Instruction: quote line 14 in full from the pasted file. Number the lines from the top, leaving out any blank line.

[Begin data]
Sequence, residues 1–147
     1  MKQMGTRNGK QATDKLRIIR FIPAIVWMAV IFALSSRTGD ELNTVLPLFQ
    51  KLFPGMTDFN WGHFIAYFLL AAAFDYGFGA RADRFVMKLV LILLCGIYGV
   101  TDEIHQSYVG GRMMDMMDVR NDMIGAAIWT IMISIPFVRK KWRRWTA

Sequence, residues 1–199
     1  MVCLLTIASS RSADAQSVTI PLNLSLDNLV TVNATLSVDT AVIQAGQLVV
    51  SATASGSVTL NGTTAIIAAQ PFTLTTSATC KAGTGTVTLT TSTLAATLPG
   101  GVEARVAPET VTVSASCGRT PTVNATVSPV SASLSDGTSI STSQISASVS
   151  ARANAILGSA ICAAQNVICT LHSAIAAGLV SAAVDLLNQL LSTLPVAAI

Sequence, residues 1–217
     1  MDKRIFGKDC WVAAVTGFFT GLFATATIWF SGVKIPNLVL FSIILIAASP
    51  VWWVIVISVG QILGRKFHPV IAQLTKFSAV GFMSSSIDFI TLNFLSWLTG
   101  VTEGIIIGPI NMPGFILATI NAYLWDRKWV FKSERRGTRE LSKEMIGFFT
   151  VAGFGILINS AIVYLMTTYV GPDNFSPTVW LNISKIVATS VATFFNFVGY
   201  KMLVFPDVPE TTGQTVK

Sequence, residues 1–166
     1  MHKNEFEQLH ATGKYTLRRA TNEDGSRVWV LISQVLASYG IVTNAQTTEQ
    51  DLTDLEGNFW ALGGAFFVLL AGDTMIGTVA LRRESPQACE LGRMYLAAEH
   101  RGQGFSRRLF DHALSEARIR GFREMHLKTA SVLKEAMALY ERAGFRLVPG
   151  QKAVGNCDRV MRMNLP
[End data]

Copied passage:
   151  VAGFGILINS AIVYLMTTYV GPDNFSPTVW LNISKIVATS VATFFNFVGY